It took 2.5 days to get to Cuzco. I will write more soon. The lines of protest stones across the roads lasted up to 50 km. We walked up to 25 miles with our packs on. It was one of the most harrowing experiences of my life, as psycological as physical. Every time we came to another town we thought we might find real transportation or the end of the strike lines. But no. We took motorcylce cabs, regular motorcycles, bike carts, local trucks, and finally a bus. We were adopted by some Peruvians also trying to get to Cuzco that we met on one of the local buses. We never really felt in danger, other than by the darkness and unknown. We slept one night in an outside restaurant and awoke at 3 a.m. to keep walking. It is truly an experience we will never ever forget. Romantic in many ways, once you forget the complete pain and despair that happened throughout. We felt very lucky to travel with our German friend Thomas. We will stay in Cuzco for a while to let our feet heal before even considering walking for fun on the Inca Trail. There is no way out of Cuzco but to fly or walk again anyhow. Thomas left for the Inca trail today and we pray for his blisters.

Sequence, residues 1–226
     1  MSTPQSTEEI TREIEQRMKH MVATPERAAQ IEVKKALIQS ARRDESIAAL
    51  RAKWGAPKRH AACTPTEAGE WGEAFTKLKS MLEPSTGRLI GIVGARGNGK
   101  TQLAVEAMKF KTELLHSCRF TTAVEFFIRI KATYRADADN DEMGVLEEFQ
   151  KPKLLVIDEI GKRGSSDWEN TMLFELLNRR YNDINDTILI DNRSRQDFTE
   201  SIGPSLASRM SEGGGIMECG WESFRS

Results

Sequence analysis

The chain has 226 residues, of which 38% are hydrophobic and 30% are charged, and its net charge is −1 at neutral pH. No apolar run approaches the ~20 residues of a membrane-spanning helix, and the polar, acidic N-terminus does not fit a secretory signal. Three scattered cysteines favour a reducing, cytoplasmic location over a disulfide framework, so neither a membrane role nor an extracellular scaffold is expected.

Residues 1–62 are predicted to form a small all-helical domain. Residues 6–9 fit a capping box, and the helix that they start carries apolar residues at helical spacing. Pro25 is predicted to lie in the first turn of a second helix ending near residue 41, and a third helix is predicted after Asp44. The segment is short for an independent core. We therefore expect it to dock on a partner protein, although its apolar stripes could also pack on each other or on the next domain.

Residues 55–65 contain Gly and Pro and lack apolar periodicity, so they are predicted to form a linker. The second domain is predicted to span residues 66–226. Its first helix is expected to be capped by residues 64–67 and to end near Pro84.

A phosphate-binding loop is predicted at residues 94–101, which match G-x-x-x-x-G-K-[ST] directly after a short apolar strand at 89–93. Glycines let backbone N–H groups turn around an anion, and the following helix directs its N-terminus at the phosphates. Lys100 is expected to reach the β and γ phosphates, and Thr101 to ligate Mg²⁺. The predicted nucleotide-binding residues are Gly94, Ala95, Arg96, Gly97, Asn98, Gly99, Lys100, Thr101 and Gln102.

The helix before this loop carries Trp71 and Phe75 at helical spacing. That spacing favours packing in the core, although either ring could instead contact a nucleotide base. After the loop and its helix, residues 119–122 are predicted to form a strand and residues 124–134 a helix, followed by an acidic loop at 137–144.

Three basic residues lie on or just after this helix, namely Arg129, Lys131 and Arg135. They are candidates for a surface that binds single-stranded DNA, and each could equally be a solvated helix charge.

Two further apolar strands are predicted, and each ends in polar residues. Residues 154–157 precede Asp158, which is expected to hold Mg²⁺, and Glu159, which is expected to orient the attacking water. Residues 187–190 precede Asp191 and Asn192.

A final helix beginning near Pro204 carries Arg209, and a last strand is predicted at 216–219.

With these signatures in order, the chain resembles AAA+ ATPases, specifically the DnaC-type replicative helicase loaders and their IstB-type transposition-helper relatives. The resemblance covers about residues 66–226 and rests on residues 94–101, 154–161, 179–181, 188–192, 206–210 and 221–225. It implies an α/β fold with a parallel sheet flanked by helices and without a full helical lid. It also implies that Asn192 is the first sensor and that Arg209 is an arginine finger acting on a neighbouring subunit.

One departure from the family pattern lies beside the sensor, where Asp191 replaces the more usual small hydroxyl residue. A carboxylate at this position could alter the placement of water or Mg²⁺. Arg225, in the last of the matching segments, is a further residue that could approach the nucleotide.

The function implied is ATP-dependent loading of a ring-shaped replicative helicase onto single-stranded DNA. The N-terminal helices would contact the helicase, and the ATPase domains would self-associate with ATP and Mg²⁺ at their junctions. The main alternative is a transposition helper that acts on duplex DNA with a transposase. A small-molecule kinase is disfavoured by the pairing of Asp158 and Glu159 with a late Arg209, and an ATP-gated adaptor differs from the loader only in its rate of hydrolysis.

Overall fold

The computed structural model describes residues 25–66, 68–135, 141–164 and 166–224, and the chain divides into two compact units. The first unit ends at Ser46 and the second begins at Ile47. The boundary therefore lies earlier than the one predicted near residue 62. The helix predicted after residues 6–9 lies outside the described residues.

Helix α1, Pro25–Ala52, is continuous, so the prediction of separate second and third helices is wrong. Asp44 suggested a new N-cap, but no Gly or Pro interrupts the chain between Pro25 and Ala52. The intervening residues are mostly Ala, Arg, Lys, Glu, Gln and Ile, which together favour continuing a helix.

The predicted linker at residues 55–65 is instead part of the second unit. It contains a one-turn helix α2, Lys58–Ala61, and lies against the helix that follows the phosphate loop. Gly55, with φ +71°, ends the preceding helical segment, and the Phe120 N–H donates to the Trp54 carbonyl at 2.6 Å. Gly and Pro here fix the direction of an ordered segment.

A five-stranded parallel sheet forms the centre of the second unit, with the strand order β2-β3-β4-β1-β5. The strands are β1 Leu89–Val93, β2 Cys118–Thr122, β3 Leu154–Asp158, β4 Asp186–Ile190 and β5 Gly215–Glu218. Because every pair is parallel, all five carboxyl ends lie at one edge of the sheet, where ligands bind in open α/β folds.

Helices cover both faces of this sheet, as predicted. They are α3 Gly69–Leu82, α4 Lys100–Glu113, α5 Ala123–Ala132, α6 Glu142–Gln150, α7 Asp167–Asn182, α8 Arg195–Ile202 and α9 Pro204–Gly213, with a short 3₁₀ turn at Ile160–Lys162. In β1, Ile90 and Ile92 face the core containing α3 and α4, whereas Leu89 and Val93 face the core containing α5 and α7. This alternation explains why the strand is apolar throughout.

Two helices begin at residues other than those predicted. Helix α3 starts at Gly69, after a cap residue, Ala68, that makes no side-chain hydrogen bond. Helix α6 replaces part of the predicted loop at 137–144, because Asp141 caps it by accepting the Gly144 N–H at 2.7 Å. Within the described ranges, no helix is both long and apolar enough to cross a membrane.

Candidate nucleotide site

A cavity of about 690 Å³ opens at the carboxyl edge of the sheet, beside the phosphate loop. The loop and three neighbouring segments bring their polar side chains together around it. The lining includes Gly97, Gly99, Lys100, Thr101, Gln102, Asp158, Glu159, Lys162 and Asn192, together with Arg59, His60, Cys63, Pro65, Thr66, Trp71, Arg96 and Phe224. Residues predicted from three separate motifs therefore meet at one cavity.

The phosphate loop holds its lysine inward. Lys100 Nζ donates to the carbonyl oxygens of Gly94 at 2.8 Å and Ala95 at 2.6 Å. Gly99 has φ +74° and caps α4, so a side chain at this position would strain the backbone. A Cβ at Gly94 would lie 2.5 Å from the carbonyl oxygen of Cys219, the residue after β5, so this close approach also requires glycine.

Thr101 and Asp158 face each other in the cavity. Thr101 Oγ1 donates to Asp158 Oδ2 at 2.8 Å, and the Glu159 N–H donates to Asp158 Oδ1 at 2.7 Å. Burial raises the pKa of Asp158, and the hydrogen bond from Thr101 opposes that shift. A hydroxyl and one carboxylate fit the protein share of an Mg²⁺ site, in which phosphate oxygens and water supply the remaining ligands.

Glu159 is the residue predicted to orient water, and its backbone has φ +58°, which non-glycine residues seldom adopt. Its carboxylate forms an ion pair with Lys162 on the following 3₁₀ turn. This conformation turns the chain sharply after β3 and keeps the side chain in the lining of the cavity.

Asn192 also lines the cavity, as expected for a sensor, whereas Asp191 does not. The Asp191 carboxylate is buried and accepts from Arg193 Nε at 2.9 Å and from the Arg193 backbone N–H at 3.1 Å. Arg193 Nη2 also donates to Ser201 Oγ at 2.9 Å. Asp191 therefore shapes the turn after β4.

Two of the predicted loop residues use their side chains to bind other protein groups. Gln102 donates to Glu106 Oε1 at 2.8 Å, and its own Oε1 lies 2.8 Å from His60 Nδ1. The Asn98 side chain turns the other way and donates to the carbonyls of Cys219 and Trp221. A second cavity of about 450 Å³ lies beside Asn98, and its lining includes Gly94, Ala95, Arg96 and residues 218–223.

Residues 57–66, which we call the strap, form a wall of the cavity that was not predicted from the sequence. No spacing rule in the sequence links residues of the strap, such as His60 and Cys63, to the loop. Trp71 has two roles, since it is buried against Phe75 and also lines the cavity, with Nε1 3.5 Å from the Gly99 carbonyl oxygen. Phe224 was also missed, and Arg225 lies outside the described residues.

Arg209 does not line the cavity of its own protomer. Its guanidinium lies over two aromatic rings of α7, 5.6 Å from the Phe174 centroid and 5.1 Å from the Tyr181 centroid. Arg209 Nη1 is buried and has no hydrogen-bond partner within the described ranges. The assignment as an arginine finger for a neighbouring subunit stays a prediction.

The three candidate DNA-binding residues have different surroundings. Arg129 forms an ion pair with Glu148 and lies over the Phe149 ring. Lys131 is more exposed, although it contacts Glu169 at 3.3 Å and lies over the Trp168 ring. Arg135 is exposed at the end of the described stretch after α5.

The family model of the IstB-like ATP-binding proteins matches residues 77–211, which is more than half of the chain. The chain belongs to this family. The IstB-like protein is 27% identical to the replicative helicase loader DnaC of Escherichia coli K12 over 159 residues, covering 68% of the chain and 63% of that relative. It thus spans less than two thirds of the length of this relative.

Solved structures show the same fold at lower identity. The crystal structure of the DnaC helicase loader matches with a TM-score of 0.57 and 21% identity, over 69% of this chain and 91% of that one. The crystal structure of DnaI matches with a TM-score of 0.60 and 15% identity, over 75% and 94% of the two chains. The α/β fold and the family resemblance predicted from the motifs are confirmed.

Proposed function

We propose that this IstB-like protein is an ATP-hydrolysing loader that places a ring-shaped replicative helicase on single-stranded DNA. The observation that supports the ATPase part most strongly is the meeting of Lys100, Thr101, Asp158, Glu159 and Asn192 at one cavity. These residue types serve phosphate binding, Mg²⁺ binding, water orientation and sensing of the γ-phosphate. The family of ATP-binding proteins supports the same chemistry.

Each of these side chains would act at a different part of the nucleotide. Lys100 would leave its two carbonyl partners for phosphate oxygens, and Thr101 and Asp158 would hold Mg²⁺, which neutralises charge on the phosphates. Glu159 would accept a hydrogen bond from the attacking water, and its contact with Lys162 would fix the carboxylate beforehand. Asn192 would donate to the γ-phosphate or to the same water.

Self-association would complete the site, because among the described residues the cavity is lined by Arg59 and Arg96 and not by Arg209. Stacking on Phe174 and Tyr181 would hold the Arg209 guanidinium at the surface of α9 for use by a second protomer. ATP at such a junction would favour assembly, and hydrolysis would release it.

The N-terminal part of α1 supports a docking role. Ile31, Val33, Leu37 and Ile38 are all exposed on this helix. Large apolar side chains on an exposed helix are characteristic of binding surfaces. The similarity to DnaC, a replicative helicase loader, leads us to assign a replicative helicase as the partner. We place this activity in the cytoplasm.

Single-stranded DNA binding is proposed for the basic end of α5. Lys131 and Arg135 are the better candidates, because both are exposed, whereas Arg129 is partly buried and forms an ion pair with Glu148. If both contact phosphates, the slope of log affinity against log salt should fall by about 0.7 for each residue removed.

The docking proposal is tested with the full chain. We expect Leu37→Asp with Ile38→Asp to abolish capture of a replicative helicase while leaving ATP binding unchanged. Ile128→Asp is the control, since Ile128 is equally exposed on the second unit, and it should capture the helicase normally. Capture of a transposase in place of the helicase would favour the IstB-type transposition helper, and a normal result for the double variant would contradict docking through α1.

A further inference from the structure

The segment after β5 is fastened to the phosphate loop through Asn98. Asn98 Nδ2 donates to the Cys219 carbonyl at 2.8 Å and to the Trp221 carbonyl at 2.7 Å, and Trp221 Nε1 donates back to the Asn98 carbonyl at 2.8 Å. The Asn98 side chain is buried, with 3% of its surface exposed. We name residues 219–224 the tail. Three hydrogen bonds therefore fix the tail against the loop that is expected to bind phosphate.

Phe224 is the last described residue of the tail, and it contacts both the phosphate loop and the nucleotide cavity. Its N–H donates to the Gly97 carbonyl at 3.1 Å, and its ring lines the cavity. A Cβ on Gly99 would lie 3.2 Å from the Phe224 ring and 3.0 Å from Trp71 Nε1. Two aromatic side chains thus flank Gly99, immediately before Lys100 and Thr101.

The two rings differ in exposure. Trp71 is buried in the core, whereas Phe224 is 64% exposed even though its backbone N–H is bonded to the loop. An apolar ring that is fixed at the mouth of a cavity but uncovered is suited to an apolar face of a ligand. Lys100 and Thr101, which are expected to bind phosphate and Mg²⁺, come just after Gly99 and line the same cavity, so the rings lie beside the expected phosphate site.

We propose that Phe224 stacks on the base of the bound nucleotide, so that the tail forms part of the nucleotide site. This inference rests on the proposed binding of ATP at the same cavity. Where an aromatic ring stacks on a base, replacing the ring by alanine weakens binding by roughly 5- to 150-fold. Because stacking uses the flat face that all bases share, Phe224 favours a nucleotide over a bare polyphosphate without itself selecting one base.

Cuzco is overwhelmed with visitors for the largest festival of the year, Inti Raymi. It will be fascinating to see the indigenous event, but the crowds are really annoying.